By Chris Lesley
Dogs have a reputation for chasing birds, squirrels, and other small critters around the yard. This sounds problematic if you’re planning on raising backyard chickens, but thankfully, it doesn’t have to be!
Taking the right steps to introduce your dog to your new chickens can prevent problems like chasing or aggression, and promote a peaceful relationship instead.
Choose the Right Breed of Chicken
Just like dog breeds, different breeds of chickens have different personalities. Certain breeds will be flighty, nervous, or hostile when they interact with a dog, all of which are behaviors that would make it hard for your dog to coexist with your birds. So, let me suggest a breed that does not exhibit those traits: the Rhode Island Red.
Rhode Island Reds are great beginner birds for both you and your dog. They can thrive in any climate, have few health issues, and are typically docile. They get along with most other birds, especially birds that have the same temperament. Since dogs are usually just as explorative and outgoing as Rhode Island Reds, their personalities make for a promising match.
Not only that, but it takes a lot to make a Rhode Island Red get flustered or panicked. If your dog barks or tries to play with these chickens, they will keep their wits about them much better than other types of chickens would.
Introduce Other Friends
The more experience your dog has with a broad range of other animals, the more likely he is to socialize well with your chickens. If your dog has never spent time with other animals, sharing a yard with an unfamiliar species can be frustrating or scary. Consider bringing your dog to a park to meet other dogs, or setting up a doggy playdate with a friend’s dog. The way he behaves in these interactions will be a good indicator for how he will behave with your chickens, and this can show you what to watch out for.
You should only introduce your dog to a few of the chickens in the first interaction. You don’t want to overwhelm your dog, so it is best to begin with no more than six birds at a time. Also, you should introduce them in a relatively small area or pen. If you have a large yard or property, limit their area to no more than 150 square feet. This way, it will be easier to control the animals if either your dog or your chickens become overly aggressive or playful with one another.
Once they have shown that they can get along well, you can let your dog interact with more of the chickens, in the whole yard. However, you should maintain close supervision for at least a few weeks before letting them be alone together.
Respond Quickly and Positively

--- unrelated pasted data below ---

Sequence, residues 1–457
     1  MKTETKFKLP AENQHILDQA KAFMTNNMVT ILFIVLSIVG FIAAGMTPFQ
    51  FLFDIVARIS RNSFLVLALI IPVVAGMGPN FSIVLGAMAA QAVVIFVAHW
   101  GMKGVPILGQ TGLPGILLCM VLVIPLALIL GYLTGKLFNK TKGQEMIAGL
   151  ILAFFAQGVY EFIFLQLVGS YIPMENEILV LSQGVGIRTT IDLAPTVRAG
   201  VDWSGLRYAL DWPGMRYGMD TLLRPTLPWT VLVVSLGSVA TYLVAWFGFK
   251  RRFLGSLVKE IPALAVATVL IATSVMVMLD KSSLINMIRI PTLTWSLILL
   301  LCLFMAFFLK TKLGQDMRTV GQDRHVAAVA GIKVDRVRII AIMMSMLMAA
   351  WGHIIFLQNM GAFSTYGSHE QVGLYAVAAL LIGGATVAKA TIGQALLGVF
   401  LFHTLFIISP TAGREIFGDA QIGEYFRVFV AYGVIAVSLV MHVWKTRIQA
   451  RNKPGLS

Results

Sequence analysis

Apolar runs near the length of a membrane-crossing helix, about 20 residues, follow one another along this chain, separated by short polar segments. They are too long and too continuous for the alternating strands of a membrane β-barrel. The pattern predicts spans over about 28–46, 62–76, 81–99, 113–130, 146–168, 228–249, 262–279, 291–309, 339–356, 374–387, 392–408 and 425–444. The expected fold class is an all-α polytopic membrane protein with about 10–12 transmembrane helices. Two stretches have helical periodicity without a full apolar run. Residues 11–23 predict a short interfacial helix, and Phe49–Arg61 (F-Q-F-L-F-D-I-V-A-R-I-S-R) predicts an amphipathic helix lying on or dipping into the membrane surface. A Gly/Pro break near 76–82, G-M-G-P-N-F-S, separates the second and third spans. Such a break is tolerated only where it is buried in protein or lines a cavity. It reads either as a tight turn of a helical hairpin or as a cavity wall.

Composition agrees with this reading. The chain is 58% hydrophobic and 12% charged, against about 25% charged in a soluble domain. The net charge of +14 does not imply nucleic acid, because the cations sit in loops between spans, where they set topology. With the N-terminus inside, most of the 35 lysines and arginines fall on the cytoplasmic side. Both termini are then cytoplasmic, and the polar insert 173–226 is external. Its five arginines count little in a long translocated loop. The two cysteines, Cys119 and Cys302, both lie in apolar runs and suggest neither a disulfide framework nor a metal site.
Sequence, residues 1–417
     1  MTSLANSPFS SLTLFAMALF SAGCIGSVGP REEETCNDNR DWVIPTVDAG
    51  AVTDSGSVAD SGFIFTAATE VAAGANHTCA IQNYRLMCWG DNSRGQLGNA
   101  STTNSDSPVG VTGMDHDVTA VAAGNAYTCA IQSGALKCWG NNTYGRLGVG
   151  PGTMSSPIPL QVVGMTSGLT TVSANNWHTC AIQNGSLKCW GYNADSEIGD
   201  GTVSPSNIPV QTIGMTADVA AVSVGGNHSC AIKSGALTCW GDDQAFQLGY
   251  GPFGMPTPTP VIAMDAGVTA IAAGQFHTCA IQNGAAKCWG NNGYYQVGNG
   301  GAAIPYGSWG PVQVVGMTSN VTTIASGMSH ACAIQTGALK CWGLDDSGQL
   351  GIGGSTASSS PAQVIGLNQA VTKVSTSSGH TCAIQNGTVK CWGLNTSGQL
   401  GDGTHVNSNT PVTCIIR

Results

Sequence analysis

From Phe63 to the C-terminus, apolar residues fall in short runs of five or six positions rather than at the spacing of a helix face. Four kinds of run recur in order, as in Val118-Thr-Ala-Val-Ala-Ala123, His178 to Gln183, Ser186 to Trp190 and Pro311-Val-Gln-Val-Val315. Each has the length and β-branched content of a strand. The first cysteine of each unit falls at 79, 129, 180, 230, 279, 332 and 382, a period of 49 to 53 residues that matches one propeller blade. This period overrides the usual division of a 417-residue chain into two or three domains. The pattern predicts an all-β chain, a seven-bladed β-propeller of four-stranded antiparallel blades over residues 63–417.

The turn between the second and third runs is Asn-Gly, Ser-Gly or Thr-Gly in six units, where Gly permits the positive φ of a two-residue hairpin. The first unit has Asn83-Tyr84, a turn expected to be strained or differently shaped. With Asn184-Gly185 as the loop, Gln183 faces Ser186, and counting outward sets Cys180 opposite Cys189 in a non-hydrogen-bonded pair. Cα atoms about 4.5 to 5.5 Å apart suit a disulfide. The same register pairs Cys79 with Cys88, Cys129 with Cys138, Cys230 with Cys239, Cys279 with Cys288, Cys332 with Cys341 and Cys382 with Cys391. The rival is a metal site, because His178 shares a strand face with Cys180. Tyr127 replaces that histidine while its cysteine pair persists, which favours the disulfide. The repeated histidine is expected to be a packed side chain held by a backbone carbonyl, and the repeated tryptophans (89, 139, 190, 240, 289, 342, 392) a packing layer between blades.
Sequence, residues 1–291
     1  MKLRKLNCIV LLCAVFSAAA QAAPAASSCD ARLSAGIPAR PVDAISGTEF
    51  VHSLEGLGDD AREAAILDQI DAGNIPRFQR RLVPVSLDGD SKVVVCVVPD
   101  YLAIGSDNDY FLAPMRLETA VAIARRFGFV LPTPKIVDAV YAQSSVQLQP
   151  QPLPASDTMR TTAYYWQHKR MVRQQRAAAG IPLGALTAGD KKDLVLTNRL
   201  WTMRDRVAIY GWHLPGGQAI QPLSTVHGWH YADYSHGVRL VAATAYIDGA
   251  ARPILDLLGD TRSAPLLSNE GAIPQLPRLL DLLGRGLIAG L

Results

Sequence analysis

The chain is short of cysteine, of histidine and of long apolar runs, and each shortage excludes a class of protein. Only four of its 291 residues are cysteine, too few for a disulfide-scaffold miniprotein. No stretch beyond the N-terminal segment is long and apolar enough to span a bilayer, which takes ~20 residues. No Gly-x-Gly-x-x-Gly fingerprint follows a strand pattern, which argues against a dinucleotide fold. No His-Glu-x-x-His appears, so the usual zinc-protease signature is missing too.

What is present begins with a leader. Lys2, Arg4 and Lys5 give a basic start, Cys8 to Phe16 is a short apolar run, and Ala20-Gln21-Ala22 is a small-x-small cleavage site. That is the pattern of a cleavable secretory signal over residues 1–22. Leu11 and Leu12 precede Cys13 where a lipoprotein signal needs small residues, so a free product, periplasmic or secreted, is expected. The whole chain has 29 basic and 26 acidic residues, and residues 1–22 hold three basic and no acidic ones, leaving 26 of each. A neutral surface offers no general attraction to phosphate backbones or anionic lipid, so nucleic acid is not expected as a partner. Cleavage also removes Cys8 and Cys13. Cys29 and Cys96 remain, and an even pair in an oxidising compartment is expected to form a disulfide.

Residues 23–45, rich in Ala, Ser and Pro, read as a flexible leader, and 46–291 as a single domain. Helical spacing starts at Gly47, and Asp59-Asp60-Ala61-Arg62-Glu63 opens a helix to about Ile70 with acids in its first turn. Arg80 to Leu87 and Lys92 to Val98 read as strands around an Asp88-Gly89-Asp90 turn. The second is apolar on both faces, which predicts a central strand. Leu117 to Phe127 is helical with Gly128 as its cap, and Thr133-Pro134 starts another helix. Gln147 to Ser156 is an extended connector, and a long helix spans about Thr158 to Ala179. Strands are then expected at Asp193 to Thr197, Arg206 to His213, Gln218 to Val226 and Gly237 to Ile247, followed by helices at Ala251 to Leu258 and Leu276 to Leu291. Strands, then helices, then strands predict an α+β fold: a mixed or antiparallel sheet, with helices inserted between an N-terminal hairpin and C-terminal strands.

As soon as things start to go awry, you need to separate your dog from the chickens. You will have to be very attentive and supervise the whole meeting to keep all of your animals safe! Here are a couple ways to quickly address misbehavior:
- Have your dog on a loose chain or leash. This will maximize your control over the interaction, without making him feel too restricted.
- Use a training aid. Noise-making devices, like a horn or dog whistle, are a great option to alert your dog that what he is doing is wrong, without punishing him.
- Be straight-up and tell him “no.” Be stern, but don’t yell.
Remember, dogs learn better when they are rewarded, not punished. Punishment can make the animals anxious, and may negatively affect future interactions. If he behaves well, be sure to show him some affection by petting him or giving him a treat.
Consider the Age of Your Dog
Puppies are naturally able to learn social skills better than older dogs. Of course, some old dogs can learn new tricks, but if you have an older dog you will have to commit a lot more time and energy to the process than you would if your dog was a puppy. If you have introduced your older dog to chickens several times without seeing any positive results, don’t give up! Just be patient, continue giving your dog positive feedback for good behavior, and keep the safety of your pets a top priority as they grow accustomed to one another.
Even if they don’t become best friends right away, taking the appropriate steps will help your dog to coexist peacefully with your chickens. It may take time, patience, and an attentive eye on your part, but it is possible!
Chris has been raising backyard chickens for over 20 years and is Chickens And More poultry expert. She has a flock of 11 chickens (including 3 Silkies) and is currently teaching people all around the world how to care for healthy chickens.